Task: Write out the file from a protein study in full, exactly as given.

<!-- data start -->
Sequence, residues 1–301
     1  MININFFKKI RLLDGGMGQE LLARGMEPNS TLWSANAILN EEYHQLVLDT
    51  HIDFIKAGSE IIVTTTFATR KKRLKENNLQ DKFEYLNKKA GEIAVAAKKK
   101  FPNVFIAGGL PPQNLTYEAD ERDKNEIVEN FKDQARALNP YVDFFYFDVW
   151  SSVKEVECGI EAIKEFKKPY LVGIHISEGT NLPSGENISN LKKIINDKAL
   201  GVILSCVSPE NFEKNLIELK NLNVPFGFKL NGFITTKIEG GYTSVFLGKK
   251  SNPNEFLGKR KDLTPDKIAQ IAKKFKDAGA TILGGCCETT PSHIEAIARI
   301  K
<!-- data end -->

Sequence, residues 1–301
     1  MININFFKKI RLLDGGMGQE LLARGMEPNS TLWSANAILN EEYHQLVLDT
    51  HIDFIKAGSE IIVTTTFATR KKRLKENNLQ DKFEYLNKKA GEIAVAAKKK
   101  FPNVFIAGGL PPQNLTYEAD ERDKNEIVEN FKDQARALNP YVDFFYFDVW
   151  SSVKEVECGI EAIKEFKKPY LVGIHISEGT NLPSGENISN LKKIINDKAL
   201  GVILSCVSPE NFEKNLIELK NLNVPFGFKL NGFITTKIEG GYTSVFLGKK
   251  SNPNEFLGKR KDLTPDKIAQ IAKKFKDAGA TILGGCCETT PSHIEAIARI
   301  K